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Slipstreem
post Jul 28 2008, 15:41
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QUOTE (botface @ Jul 28 2008, 14:51) *
Sorry but I have to disagree. While it's true that vinyl can suffer pops, clicks etc it doesn't have to and when it doesn't I don't believe it has an identifiable sonic signature.
The noise floor on CD is a good 40dB below that of high quality vinyl. What's filling those 40dB of signal range if it isn't some kind of "identifiable sonic signature"? smile.gif

Cheers, Slipstreem. cool.gif
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richms
post Jul 28 2008, 16:37
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My brief venture into vinyl was short lived because as soon as I turned it up, I got some massive feedback crap going on. The only solution was to turn the subwoofer down to the point where it was virtually doing nothing.

It seems that taking your system past about 85dB when its flat to 16Hz makes turntables do bad things.
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botface
post Jul 28 2008, 17:03
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QUOTE (Slipstreem @ Jul 28 2008, 15:41) *
QUOTE (botface @ Jul 28 2008, 14:51) *
Sorry but I have to disagree. While it's true that vinyl can suffer pops, clicks etc it doesn't have to and when it doesn't I don't believe it has an identifiable sonic signature.
The noise floor on CD is a good 40dB below that of high quality vinyl. What's filling those 40dB of signal range if it isn't some kind of "identifiable sonic signature"? smile.gif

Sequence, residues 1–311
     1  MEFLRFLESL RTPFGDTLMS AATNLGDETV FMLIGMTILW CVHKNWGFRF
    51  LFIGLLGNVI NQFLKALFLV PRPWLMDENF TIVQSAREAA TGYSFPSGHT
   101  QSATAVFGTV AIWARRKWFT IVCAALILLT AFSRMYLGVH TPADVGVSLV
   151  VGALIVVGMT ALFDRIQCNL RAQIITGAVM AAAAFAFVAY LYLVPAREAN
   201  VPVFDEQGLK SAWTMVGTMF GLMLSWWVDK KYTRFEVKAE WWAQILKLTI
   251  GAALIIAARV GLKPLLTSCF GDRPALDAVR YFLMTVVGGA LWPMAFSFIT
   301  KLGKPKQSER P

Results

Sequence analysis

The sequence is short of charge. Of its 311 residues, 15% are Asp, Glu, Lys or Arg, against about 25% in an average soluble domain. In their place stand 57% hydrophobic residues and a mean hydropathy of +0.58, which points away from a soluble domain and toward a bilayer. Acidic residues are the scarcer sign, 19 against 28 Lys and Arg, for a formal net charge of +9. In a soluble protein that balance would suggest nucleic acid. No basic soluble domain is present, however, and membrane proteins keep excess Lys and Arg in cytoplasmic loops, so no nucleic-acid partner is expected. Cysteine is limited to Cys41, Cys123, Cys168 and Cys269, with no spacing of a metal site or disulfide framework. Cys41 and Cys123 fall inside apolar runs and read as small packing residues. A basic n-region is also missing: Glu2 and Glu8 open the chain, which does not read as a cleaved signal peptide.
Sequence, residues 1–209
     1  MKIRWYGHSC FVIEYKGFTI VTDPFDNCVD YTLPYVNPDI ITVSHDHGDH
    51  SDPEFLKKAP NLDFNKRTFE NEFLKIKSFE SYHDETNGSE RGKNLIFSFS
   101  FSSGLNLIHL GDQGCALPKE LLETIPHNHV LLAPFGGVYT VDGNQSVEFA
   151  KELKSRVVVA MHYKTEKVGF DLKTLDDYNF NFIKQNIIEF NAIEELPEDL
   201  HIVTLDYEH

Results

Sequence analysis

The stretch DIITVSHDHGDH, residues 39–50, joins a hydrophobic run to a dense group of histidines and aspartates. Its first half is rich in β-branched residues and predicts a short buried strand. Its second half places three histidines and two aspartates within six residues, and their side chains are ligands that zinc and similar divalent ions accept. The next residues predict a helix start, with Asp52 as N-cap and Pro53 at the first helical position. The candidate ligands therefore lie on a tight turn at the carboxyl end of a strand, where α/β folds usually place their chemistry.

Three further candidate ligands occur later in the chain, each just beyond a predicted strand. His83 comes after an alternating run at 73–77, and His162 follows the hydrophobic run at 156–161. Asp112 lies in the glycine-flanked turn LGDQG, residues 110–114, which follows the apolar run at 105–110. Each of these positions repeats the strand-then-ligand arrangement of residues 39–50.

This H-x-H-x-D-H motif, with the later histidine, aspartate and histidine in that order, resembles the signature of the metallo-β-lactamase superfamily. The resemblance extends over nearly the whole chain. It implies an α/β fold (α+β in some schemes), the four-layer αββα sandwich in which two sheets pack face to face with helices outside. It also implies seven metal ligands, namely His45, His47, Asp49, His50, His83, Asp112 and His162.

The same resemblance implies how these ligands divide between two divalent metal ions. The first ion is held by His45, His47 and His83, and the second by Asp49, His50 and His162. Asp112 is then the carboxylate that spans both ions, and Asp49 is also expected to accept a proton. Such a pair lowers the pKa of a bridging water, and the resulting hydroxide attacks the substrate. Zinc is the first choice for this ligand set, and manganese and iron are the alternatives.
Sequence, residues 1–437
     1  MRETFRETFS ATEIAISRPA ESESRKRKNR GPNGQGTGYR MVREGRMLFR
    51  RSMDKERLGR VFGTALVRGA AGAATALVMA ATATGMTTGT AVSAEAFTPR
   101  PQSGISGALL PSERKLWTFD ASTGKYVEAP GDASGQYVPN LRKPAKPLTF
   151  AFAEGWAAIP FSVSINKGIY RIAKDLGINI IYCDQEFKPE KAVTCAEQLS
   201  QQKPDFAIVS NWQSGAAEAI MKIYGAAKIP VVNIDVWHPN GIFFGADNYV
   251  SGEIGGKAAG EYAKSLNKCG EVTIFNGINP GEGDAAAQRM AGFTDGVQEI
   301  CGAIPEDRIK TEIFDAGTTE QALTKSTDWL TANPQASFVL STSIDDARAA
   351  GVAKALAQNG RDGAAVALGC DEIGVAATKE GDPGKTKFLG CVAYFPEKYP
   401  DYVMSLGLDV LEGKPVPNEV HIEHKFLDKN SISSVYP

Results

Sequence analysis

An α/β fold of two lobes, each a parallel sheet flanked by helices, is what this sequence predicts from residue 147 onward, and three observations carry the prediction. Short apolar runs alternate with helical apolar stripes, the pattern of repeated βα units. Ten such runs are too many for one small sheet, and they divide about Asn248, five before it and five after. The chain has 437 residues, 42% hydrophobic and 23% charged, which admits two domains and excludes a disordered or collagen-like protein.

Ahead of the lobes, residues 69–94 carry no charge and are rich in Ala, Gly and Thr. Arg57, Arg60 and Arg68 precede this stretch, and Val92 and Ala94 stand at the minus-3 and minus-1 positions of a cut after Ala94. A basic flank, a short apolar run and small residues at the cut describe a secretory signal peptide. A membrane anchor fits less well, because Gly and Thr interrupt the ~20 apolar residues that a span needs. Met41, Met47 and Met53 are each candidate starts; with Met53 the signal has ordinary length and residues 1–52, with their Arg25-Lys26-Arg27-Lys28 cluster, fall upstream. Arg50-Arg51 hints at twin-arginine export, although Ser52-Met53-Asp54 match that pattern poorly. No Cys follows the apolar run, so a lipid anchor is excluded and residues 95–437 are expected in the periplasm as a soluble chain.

Cheers, Slipstreem. cool.gif

I'm not suggesting that vinyl has the same dynamic range as CD just that in my experience you can't tell the medium while listening to music in a normal domestic environment if the tell-tale vinyl clues (pops, clicks etc) are not present on the piece being listened to. I guess I should qualify that by saying that I'm assuming the music level is well above the noise floor
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pdq
post Jul 28 2008, 17:16
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QUOTE (richms @ Jul 28 2008, 11:37) *
My brief venture into vinyl was short lived because as soon as I turned it up, I got some massive feedback crap going on. The only solution was to turn the subwoofer down to the point where it was virtually doing nothing.

It seems that taking your system past about 85dB when its flat to 16Hz makes turntables do bad things.

That doesn't have to happen. Proper setup of the turntable on a well damped surface will avoid problems with feedback. In my youth I used to turn up the bass until the walls rattled, and never had a problem with feedback.
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Woodinville
post Jul 28 2008, 18:00
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QUOTE (botface @ Jul 28 2008, 06:51) *
Sorry but I have to disagree. While it's true that vinyl can suffer pops, clicks etc it doesn't have to and when it doesn't I don't believe it has an identifiable sonic signature.


Surface noise is required by physical processes. You can get rid of the gross noise due to damage, but surface noise is unavoidable.

Vinyl, furthermore, can easily be shown to have a particular set of distortion mechanisms that increase the loudness (using the term correctly) by much more than one would expect by the increase in intensity.

What is more, Vinyl almost always (system dependent but only usually on how much) will add L-R signal in midrange, and will also add L-R rumble.

The distortion and noise mechanisms in vinyl can actually sound better than the clean signal, sometimes, for very clean vinyl and playback.

I didn't say "accurate" I said "sounds better" as in "many people prefer".

The background noise on vinyl also, of course, often functions as "comfort noise". Very few concert halls are that quiet, I know, I've measured one or two myself...